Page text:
You see other developers at your company or online discussing the merits of object oriented programming. “Classes are incredibly useful and everyone should know about them,” they say.
You’re beginning to get worried about writing your code the right way:
“I’ve never defined a class… I mean I know how to get stuff done quickly. I use functions and modules for everything, often many small functions whose output I feed into another. I simply don’t use classes because I never felt the need for them.
What am I really missing out on?
Am I shorting myself on something by never using classes in my Python code?“
I noticed that this is a common question for Python developers with a (data) science or numerical computing background.
You may be familiar with languages like R or Matlab and you haven’t really felt the need to use classes in your day to day work writing Python code. Most of your computations are sequential in nature and you found that a structured programming style worked just fine for the category of analytical problems you’re facing.
But still … there’s this nagging feeling in the back of your head – “What am I really missing out on by not writing classes?”
Let me try and help you out there. In this post I’m going over 6 things you might be missing out on by never using classes in your Python code. I’m not an OOP zealot by any means but I figured a post like that would be helpful to some folks in the Python community.
Alright, let’s dive in!
1. Easier collections of fields
If you categorically avoid the use of classes it’s easy to find yourself in a situation where you just re-invent your own “ad-hoc classes” using other built-in data structures, like lists or dicts.
For example, you might end up with lots of lists or dicts that share the same keys to access different kinds of data associated with a single logical object:
car_colors = 'yellow' # Color of Car 23 car_mileage = 38189.4 # Mileage of Car 23
By switching to classes you could have a single list of objects, each of which has several named fields on it to address the associated data:
cars.color = 'yellow' cars.mileage = 38189.4
Instead of using lists and dictionaries that happen to contain all your data you can keep all of it under one roof, which makes accessing and passing these objects around much more convenient.
You’ll also no longer need to pass around big tuples of stuff from function to function.
(Side note: You may want to go and learn more about Python’s
namedtuple objects which reduce the amount of boilerplate class-code you need to write if you just want simple C-style records of fields. Notice that
namedtuple objects are implemented as Python classes internally.)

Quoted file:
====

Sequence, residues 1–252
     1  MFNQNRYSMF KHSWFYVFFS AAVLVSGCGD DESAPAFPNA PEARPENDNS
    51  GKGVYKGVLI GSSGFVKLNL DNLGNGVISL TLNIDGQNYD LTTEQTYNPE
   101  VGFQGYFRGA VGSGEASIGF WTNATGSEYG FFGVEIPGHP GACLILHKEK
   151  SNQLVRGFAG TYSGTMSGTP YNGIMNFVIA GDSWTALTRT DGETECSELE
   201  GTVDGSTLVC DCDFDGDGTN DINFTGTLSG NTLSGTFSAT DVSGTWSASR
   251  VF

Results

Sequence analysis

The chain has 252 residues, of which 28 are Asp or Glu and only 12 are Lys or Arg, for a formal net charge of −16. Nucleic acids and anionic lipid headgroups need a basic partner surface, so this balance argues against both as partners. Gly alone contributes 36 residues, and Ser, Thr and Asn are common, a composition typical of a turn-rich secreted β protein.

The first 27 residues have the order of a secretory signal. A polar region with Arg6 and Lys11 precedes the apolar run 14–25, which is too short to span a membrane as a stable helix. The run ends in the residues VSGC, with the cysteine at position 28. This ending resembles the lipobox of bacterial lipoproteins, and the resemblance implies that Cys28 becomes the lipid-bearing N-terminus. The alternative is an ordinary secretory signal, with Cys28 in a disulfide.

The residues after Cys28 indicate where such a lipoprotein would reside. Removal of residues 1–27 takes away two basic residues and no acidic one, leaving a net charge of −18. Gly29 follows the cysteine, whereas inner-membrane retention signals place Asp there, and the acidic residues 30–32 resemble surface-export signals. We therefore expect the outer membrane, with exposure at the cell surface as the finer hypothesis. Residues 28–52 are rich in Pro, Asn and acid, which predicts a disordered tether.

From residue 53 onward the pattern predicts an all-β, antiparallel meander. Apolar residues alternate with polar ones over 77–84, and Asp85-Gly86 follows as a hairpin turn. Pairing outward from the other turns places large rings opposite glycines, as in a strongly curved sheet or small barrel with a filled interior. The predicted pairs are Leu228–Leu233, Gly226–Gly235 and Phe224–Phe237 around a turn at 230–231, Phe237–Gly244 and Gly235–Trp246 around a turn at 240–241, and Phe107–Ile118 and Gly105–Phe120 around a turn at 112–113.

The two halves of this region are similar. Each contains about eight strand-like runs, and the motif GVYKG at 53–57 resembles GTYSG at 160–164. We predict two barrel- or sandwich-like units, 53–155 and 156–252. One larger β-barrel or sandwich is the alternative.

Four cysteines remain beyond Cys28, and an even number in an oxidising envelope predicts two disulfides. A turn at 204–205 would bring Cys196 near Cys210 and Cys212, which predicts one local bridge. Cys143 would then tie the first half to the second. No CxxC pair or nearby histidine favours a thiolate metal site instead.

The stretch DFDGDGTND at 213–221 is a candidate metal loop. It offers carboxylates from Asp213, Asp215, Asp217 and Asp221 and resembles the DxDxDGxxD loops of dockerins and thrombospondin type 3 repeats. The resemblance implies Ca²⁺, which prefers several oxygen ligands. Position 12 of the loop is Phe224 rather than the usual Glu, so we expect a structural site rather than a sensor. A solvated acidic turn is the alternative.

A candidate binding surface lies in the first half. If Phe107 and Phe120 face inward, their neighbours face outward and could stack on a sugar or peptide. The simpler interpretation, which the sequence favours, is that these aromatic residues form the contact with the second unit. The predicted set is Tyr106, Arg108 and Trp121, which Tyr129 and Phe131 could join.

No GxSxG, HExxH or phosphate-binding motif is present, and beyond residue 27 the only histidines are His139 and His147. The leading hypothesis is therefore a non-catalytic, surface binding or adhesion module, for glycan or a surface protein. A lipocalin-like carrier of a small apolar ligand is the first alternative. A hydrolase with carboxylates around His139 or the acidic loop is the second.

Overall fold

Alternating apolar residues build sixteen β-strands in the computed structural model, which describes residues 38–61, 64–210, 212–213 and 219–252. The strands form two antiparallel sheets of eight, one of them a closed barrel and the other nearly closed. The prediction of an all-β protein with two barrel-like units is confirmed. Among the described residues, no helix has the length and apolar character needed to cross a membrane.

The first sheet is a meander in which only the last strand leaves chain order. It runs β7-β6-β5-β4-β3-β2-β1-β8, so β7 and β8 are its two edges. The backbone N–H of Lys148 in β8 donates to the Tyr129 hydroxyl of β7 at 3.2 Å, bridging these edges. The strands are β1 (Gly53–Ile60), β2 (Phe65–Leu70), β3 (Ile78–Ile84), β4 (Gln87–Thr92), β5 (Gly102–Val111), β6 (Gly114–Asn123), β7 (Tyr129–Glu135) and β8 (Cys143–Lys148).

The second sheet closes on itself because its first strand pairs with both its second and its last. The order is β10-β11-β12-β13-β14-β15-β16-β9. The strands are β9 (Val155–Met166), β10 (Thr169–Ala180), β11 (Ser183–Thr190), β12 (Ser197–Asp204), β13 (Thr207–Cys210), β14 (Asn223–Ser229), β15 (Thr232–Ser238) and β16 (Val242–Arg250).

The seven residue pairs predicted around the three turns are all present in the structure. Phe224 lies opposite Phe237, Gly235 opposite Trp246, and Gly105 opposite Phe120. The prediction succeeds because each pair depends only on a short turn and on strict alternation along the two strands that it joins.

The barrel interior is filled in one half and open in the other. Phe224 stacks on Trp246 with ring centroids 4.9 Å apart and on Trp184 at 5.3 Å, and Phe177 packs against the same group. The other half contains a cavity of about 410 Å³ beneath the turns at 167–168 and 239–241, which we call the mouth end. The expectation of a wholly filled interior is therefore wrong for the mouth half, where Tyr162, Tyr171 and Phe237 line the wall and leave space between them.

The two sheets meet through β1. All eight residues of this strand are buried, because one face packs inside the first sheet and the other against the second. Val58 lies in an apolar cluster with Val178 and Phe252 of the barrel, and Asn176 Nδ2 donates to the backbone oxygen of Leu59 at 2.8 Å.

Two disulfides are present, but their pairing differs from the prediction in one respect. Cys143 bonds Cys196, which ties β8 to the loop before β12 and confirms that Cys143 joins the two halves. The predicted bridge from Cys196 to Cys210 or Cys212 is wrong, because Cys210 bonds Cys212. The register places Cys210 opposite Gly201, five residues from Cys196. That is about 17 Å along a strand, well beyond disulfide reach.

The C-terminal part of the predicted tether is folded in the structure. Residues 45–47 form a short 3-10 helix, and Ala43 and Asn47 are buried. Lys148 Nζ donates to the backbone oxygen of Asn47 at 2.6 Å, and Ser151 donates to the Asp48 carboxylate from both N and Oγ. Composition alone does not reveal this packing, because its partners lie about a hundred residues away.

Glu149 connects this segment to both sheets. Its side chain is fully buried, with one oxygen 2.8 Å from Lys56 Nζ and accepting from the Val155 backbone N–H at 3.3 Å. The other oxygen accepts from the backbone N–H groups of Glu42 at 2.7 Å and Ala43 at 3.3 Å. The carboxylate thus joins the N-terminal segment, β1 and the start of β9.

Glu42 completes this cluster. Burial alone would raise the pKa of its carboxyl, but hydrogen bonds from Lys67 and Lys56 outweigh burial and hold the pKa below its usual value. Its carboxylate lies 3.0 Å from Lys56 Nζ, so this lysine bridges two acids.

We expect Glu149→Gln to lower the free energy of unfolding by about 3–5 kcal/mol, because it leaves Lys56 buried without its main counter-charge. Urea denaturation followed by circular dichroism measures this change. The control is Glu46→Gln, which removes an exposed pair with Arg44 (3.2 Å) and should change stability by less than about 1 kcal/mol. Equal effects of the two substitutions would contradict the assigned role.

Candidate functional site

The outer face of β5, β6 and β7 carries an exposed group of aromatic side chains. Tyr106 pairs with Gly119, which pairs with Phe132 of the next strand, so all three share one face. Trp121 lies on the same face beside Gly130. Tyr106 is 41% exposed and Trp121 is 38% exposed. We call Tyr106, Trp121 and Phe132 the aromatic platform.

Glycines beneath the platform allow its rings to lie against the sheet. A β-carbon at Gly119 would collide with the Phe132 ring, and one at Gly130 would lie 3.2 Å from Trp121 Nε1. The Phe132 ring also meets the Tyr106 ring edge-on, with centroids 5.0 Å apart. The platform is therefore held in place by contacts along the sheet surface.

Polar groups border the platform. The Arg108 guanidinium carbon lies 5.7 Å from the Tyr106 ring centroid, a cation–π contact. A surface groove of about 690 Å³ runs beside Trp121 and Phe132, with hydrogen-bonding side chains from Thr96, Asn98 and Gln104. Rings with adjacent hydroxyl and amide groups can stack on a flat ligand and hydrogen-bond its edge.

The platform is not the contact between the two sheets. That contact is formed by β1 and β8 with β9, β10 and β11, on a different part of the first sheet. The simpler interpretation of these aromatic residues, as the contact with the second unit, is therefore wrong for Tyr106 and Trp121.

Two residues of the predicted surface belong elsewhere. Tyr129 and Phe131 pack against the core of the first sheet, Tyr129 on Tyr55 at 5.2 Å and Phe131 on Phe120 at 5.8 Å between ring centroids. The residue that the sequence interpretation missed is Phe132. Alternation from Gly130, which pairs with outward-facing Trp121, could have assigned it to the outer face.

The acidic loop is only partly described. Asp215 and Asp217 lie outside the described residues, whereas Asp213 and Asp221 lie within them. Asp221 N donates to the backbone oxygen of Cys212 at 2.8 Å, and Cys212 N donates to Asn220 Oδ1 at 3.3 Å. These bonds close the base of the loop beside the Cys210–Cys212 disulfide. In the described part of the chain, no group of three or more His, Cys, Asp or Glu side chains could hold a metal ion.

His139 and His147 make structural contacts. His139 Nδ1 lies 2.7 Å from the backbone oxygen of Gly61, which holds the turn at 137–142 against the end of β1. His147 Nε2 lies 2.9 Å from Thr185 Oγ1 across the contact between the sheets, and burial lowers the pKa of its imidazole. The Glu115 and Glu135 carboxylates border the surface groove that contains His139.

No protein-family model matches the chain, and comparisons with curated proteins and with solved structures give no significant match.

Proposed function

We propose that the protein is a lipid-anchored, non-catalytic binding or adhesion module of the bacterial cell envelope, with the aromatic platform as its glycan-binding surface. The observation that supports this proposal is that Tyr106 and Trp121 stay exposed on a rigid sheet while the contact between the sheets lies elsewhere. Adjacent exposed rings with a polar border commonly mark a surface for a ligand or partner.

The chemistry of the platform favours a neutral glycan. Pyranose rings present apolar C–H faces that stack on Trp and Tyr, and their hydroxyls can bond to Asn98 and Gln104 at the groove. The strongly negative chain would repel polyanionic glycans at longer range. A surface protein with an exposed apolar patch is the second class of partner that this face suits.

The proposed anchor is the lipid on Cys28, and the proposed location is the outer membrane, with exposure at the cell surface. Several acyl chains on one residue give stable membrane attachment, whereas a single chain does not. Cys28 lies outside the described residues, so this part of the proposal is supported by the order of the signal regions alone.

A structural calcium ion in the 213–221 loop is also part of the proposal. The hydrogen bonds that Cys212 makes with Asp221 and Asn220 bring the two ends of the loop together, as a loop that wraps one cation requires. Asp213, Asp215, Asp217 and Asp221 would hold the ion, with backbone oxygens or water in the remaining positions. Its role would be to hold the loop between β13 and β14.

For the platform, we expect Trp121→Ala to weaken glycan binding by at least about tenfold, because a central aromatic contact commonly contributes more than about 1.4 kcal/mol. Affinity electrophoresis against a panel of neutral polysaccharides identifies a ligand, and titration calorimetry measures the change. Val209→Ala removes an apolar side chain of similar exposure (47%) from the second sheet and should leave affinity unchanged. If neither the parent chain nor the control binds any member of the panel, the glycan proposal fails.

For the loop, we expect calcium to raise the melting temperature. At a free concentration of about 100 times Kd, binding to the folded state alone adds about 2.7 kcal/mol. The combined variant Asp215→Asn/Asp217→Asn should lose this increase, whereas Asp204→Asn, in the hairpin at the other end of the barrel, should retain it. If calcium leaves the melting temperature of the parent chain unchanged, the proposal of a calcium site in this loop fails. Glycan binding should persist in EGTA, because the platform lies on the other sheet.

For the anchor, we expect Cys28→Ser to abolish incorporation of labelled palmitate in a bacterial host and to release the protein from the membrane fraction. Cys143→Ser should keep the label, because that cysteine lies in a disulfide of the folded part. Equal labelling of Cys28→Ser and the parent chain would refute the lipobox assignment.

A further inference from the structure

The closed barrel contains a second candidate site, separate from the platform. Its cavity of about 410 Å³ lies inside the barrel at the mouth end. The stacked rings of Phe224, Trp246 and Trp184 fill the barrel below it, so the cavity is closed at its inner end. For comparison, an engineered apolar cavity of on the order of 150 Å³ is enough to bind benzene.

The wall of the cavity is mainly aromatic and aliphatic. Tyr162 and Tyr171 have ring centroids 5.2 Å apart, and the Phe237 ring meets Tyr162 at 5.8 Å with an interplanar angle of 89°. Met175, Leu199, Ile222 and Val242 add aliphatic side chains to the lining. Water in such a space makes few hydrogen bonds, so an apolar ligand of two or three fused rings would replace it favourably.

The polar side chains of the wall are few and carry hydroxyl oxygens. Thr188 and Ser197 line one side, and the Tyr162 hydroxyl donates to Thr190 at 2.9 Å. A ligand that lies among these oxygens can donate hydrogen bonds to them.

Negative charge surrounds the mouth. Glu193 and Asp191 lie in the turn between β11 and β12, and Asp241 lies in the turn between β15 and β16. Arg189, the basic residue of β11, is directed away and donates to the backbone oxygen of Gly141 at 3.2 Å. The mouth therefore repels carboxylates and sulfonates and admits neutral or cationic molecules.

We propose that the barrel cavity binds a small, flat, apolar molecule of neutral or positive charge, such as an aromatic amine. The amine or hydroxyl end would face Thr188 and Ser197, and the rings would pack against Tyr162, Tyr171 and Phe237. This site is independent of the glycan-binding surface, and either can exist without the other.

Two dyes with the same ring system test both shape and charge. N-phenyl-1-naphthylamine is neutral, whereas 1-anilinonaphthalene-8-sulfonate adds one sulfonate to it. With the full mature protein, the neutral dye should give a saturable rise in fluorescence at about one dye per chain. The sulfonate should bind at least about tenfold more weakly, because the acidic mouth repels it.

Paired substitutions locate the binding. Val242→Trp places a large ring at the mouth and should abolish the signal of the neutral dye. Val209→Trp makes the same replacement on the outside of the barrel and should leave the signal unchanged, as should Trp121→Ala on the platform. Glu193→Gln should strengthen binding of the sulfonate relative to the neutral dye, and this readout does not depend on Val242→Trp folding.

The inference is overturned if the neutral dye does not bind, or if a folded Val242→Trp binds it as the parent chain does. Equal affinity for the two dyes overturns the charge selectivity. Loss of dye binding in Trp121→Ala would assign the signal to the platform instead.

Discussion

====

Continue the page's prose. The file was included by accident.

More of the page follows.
2. Simpler domain models
It’s easier to think about a domain model with a number of classes that have some relation to each other, than it is to think about lists and dictionaries that are linked together by shared keys and indexes.
Some domains lend themselves well to being modeled with classes, for example GUI controls. I found that with an object-oriented approach the domain model sometimes becomes easier to discuss and reason about with other developers. And that’s always a good thing.
3. The ability to chain objects together and let them interact in an expressive way
This is where object oriented programming really shines – when the objects you’re dealing with have behavior on them. For example, a button that can be clicked or a car that can accelerate and brake.
In this case it helps if you encapsulate those behaviors by making methods on your Button and Car classes so that other objects can call those methods and change the Button’s or Car’s internal state without knowing how that operation is implemented.
Especially when you have a lot of behavior on your objects it’s helpful to have it all in the same place and under one roof that is the object itself. That way you can chain objects together and let them interact in an expressive way that’s hard to emulate in a procedural coding style.
For an example of this compare the following two code samples implementing the same sequence of interactions.
The OOP version:
if not garage.is_full: garage.add(my_car) my_car.turn_off() garage.close()
vs the non-OOP / procedural version:
if not is_garage_full(garage): add_car_to_garage(my_car, garage) turn_off_car(my_car) close_garage(garage)
4. Custom exceptions
If you want to define custom exception types in Python there isn’t really a way around using classes. Custom exception help communicate the programmer’s intent more clearly and they’re a great debugging aid.
Here’s an example of a more specific exception type that’s based on one of Python’s built-in exceptions:
class ValueTooSmallError(ValueError): pass
I’ve recorded a quick screencast tutorial that shows you how to use this technique to make your code more readable:
» Subscribe to the dbader.org YouTube Channel for more videos.
5. Fitting in with the coding style used by your colleagues
Another good reason for learning about OOP is that it is still a popular paradigm in the programming community. Therefore it is likely that you’ll be working with an object-oriented code base at some point in your career.
It can be difficult to integrate and maintain code in a single code base that was written in a different style, let’s say functional vs object-oriented.
If you’d rather avoid being the one engineer sticking out with an idiosyncratic coding style then it might be worth familiarizing yourself with OOP and classes.
6. Useful OOP design patterns
There’s a large body of OOP design patterns out there that can speed up development and improve readability. Design patterns are not a panacea and as with all things they can be overused – but in some situations being able to apply common design patterns will be helpful.
import schedule def job(): print("I'm working...") schedule.every(10).minutes.do(job) schedule.every().hour.do(job) schedule.every().day.at("10:30").do(job)